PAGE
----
Tag Archives: pizza

Unhealthy foods may diminish positive effects of an otherwise healthy diet

Eating a healthy diet, such as the Mediterranean diet, has a positive impact on health, but little is known about the effects of including unhealthy foods in an otherwise healthy diet. Now researchers at Rush University Medical Center have reported diminished benefits of a Mediterranean diet among those with high frequency of eating unhealthy foods. The results of their study were published in Alzheimer’s & Dementia: The Journal of the Alzheimer’s Association on January 7.

Photo by Ana Madeleine Uribe on Pexels.com

“Eating a diet that emphasizes vegetables, fruit, fish and whole grains may positively affects a person’s health,” said Puja Agarwal, PhD, a nutritional epidemiologist and assistant professor in the Department of Internal Medicine at Rush Medical College. “But when it is combined with fried food, sweets, refined grains, red meat and processed meat, we observed that the benefits of eating the Mediterranean part of the diet seems to be diminished.”

A Mediterranean diet is associated with slower rates of cognitive decline in older adults.

The observational study included 5,001 older adults living in Chicago who were part of the Chicago Health and Aging Project, an evaluation of cognitive health in adults over the age of 65 conducted from 1993 to 2012. Every three years, the study participants completed a cognitive assessment questionnaire that tested basic information processing skills and memory, and they filled out a questionnaire about the frequency with which they consumed 144 food items.

The researchers analyzed how closely each of the study participants adhered to a Mediterranean diet, which includes daily consumption of fruit, vegetables, legumes, olive oil, fish, potatoes and unrefined cereals, plus moderate wine consumption. They also assessed how much each participant followed a Western diet, which included fried foods, refined grains, sweets, red and processed meats, full-fat dairy products and pizza. They assigned scores of zero to five for each food item to compile a total Mediterranean diet score for each participant along a range from zero to 55.

The researchers then examined the association between Mediterranean diet scores and changes in participants’ global cognitive function, episodic memory and perceptual speed. Participants with slower cognitive decline over the years of follow-up were those who adhered closest to the Mediterranean diet, along with limiting foods that are part of Western diet, whereas participants who ate more of the Western diet had no beneficial effect of healthy food components in slowing cognitive decline.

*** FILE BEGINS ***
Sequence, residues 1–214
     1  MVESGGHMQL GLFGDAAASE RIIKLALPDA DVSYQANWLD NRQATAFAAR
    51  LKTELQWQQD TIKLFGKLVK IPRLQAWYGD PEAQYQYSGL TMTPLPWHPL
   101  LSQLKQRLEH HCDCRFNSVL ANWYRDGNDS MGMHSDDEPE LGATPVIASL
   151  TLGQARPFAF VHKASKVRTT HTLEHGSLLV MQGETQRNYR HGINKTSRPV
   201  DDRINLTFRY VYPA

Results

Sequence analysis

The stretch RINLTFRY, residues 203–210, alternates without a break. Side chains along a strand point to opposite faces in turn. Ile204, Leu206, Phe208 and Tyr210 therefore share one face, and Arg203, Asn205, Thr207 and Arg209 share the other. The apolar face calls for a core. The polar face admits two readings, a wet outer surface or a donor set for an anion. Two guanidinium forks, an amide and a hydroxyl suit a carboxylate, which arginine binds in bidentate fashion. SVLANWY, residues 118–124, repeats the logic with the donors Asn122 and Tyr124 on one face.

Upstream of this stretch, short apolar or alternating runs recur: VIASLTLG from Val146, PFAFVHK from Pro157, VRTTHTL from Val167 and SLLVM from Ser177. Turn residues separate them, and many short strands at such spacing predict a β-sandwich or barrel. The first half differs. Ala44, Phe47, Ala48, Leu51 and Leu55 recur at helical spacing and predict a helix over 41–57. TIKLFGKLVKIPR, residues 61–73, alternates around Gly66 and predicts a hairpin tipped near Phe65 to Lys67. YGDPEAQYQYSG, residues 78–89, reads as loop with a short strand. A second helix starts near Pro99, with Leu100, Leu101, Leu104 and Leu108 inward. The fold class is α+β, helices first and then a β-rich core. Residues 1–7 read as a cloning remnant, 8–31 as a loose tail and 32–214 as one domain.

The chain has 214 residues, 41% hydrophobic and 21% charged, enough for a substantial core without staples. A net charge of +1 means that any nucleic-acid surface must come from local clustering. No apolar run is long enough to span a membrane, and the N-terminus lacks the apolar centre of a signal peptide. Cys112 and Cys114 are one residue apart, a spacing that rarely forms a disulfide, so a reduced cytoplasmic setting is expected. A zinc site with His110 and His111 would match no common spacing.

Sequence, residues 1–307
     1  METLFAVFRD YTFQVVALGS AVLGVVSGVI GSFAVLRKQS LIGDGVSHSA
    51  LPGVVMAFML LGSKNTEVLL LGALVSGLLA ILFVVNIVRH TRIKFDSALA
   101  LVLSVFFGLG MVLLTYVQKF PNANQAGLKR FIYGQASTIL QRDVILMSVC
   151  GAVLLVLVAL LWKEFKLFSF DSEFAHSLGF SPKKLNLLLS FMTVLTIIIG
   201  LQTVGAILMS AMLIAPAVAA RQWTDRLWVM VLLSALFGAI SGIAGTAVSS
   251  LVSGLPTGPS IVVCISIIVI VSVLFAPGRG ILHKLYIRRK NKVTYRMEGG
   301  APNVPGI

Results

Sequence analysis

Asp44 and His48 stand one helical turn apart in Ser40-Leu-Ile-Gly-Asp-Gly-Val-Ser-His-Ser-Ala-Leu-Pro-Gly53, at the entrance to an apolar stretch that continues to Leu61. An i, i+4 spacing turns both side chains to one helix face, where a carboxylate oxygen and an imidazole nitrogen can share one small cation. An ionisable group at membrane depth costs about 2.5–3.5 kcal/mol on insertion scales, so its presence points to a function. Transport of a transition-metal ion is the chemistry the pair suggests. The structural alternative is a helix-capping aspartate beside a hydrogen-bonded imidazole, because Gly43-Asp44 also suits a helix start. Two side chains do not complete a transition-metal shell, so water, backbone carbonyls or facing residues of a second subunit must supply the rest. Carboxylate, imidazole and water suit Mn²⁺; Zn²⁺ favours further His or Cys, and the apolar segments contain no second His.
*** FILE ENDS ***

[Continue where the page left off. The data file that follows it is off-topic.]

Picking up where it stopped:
There was no significant interaction between age, sex, race or education and the association with cognitive decline in either high or low levels of Western diet foods. The study also included models for smoking status, body mass index and other potential variables such as cardiovascular conditions and findings remained the same.

“Western diets may adversely affect cognitive health,” Agarwal said. “Individuals who had a high Mediterranean diet score compared to those who had the lowest score were equivalent to being 5.8 years younger in age cognitively.”

Agarwal said that the results complement other studies showing that a Mediterranean diet reduces the risk of heart disease, certain cancers and diabetes and also support previous studies on Mediterranean diet and cognition. The study also notes that most of the dietary patterns that have shown improvement in cognitive function among older adults, including the Mediterranean, MIND, and DASH diets, have a unique scoring matrix based on the amount of servings consumed for each diet component.

“The more we can incorporate green leafy vegetables, other vegetables, berries, olive oil, and fish into our diets, the better it is for our aging brains and bodies. Other studies show that red and processed meat, fried food and low whole grains intake are associated with higher inflammation and faster cognitive decline in older ages,” Agarwal said. “To benefit from diets such as the Mediterranean diet, or MIND diet, we would have to limit our consumption of processed foods and other unhealthy foods such as fried foods and sweets.”


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Pizza study shows body copes surprisingly well with one-off calorie indulgence

A new study, which involved participants eating pizza well after feeling ‘full’ in order to test what immediate effects this had on the body, finds that our metabolism is surprisingly good at coping with over-indulgence.

Thick crust pizza in Chicago

Researchers with the Centre for Nutrition, Exercise and Metabolism at the University of Bath compared the effects of normal eating (i.e. ‘eat until you are comfortably full’) with maximal eating (i.e. ‘eat until you cannot manage another bite’).